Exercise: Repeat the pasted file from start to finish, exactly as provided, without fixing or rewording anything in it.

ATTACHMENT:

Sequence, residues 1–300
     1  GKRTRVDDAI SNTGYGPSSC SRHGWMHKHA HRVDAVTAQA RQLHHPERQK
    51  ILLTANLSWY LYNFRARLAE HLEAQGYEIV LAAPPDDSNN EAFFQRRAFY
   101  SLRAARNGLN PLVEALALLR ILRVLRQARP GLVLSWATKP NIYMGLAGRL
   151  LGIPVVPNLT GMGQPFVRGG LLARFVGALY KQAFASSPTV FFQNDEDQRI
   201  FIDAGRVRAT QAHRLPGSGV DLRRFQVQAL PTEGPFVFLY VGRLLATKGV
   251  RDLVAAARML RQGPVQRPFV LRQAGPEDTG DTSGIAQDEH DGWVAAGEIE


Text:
Sequence, residues 1–300
     1  GKRTRVDDAI SNTGYGPSSC SRHGWMHKHA HRVDAVTAQA RQLHHPERQK
    51  ILLTANLSWY LYNFRARLAE HLEAQGYEIV LAAPPDDSNN EAFFQRRAFY
   101  SLRAARNGLN PLVEALALLR ILRVLRQARP GLVLSWATKP NIYMGLAGRL
   151  LGIPVVPNLT GMGQPFVRGG LLARFVGALY KQAFASSPTV FFQNDEDQRI
   201  FIDAGRVRAT QAHRLPGSGV DLRRFQVQAL PTEGPFVFLY VGRLLATKGV
   251  RDLVAAARML RQGPVQRPFV LRQAGPEDTG DTSGIAQDEH DGWVAAGEIE